Written by Sean McPheat |
Look up the word ‘commodity’ and you’ll find definitions like “a basic good used in commerce that is interchangeable with other commodities of the same type” or “a type of widely-available product that is not markedly dissimilar from one unit to another.”
Another definition may be, “a product that is the same as other products of the same type from other producers”.
The common thread here is the similarity of each product classed as a commodity.
In fact, the biggest differential often comes down to price.
If the buyer cannot differentiate between your products and a competitors’ then oftentimes price will be the determining factor for the sale.
What do you say, then, when a potential buyer says, “why should I buy from you?”
Do you fall into the trap of stating features and benefits?
Do you start to rattle off what your product will do over the product they are currently using?
The big danger with this is that it turns what you have into a commodity, something that will be compared with your competitors’ products and services.
You need to take the buyer’s mind away from the products you are offering.
Your answer to the question of why should I buy from you should be along the lines of “We can solve the issues you currently have better or differently than our competitors.
But until I know what those issues are, I can’t tell you why you should buy from us.
Is it OK if we go through some ways we can help you and see if there’s a compelling reason for us to work together?”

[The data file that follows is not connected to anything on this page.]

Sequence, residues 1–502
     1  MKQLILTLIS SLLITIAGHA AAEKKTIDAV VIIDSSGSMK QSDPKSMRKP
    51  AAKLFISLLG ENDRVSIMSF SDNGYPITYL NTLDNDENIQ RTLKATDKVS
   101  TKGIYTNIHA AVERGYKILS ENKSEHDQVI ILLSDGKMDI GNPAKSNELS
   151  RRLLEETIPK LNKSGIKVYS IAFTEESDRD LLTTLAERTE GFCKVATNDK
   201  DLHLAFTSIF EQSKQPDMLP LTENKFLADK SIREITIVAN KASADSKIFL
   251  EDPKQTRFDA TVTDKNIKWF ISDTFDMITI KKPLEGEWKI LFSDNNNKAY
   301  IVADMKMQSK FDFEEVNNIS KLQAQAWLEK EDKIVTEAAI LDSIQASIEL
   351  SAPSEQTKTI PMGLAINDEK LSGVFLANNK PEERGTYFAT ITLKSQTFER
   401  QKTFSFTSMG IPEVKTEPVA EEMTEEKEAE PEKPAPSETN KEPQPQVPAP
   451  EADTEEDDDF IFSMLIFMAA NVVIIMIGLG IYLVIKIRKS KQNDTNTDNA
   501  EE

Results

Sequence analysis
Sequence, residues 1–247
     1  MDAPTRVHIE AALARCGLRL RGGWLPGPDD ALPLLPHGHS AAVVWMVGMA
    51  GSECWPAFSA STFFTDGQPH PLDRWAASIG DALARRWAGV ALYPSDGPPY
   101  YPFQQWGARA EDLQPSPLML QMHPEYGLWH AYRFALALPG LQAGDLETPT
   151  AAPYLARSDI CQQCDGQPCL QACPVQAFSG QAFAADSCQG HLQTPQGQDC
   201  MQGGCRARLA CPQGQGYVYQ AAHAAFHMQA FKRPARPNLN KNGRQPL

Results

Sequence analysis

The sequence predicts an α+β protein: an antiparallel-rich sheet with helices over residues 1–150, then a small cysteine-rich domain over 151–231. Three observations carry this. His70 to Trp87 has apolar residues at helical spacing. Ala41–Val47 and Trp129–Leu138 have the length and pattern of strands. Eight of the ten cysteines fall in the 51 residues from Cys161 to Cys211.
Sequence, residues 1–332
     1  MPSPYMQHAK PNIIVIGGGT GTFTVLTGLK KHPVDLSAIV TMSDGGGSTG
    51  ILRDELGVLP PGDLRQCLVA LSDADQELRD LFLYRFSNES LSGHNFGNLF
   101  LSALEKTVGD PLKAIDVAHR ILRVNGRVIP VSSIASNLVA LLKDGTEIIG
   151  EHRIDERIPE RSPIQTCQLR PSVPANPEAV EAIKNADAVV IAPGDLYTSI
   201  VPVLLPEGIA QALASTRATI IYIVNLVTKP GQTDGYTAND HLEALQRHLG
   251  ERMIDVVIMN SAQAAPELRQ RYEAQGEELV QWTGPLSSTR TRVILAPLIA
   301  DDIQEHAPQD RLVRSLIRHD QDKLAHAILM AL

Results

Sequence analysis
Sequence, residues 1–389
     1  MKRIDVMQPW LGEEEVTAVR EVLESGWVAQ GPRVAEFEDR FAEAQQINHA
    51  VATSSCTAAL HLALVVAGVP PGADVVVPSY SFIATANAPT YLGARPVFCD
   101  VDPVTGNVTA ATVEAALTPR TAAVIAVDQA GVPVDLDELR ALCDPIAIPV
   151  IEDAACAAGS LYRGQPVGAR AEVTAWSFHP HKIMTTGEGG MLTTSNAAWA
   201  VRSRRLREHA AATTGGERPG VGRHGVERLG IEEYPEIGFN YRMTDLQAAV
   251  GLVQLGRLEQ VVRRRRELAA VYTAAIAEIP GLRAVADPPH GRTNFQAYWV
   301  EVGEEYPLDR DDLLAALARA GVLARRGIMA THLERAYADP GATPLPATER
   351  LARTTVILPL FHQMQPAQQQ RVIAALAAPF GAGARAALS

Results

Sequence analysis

What you’re doing here is moving the buyer’s mind away from thinking of your products and services, and thinking about you helping him to solve his current problems and creating a better future.
As long as the focus is on products, the buyer will be in comparison mode and will look to see what is better or worse about your solution.
The way to decommoditise your products and services is to identify the prospect’s biggest pains – and then show how you can solve it better than anyone else can.
Remember we said that commodities can usually be differentiated by price?
This journey takes the emphasis away from things that can be compared, and onto the results the buyer will get if they choose your offering.
Think about how you can de-commoditise your products.
What aspects of what you sell could be taken out of the realm of being compared on price?
What have you got that can add value to the buyer’s business or change their lives in a different way to your competitors’?
By doing this kind of thinking, you move away from the world of comparative pricing and move toward the solution-discovery that will mean a whole lot more to the businesses you are dealing with.
Originally published: 21 April, 2016